This is amazing, official parking lots dedicated to bicycles. You enter, lock your bike into a mechanism, pay, then use your ticket to release your bike when ready. It’s the real deal.
#22. AMBULANCE OR AIR RAID?
I’ll never forget being awakened by a loud sustained alarm with fast Japanese voices shouting over a PA. Expecting there was some kind of disaster going on, turned out it was just an ambulance.
#23. PRODUCTIVE STORMS
You will encounter some pretty powerful seasonal storms in Tokyo. Yet what amazed me was throughout, we never lost power or internet!
#24. NO GARBAGE CANS
Lack of public garbage cans in Tokyo can be rather inconvenient. Pack an extra bag for storing garbage until you get home as you won’t have much luck finding one around the city.
#25. LEFT SIDE PLEASE!
Aside from driving in the left lane. When walking, stay on the left side as well. I’m not sure if this is also backward for you, but keep this in mind to avoid colliding with others.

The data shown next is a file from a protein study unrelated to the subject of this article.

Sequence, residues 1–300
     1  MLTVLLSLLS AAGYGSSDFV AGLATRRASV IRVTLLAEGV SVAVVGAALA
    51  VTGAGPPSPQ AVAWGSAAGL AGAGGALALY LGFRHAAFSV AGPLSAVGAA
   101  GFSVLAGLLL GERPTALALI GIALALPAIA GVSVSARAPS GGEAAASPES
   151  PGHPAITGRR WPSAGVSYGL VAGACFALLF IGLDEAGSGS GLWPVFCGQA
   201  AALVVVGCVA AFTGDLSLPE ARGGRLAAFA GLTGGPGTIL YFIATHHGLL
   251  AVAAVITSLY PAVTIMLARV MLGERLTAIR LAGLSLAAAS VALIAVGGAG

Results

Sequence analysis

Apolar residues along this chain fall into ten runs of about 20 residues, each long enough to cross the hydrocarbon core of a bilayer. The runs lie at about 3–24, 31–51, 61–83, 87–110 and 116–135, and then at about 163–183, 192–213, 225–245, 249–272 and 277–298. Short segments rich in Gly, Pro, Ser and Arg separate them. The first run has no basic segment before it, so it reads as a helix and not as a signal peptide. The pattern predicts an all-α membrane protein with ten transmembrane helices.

The Japanese love to celebrate. Throughout the year you will find many exciting festivals. From parades, food festivals, drummers in the streets, you name it! Every season seems to have something fun to enjoy or tasty to eat.
#27. OMIYAGE, THE GIFT THAT KEEPS ON GIVING
Omiyage is a VERY important word to memorize in the Japanese language, meaning gift or souvenir. In Japan, When either visiting one’s home as a guest, traveling out of town, or celebrating a holiday. It’s customary to bring or pick up Omiyage to give to your hosts, friends, family members, or co-workers.
If you ever receive omiyage, make sure to return the gift with something of equal value afterwards. No joke, there are even catalogs and businesses dedicated to select omiyage to send to others.
#28. LAUNDRY HANGING
A dryer bought in Japan may last forever as it is RARELY used. Many hang laundry out on the balcony to dry or even on racks inside their homes.
#29. FAST MEDICAL
Throughout my year in Japan, I had a pregnant wife, a small child, and a visit or two myself to the hospital. Never did I experience long waiting times or delayed results. Just difficulties communicating…
#30. I FELT SAFE EVEN IN THE DARKEST ALLEYS
When walking around a foreign country late at night with a pocket full of cash (see insight #4). Never would I have thought I would feel safe. Yet I did.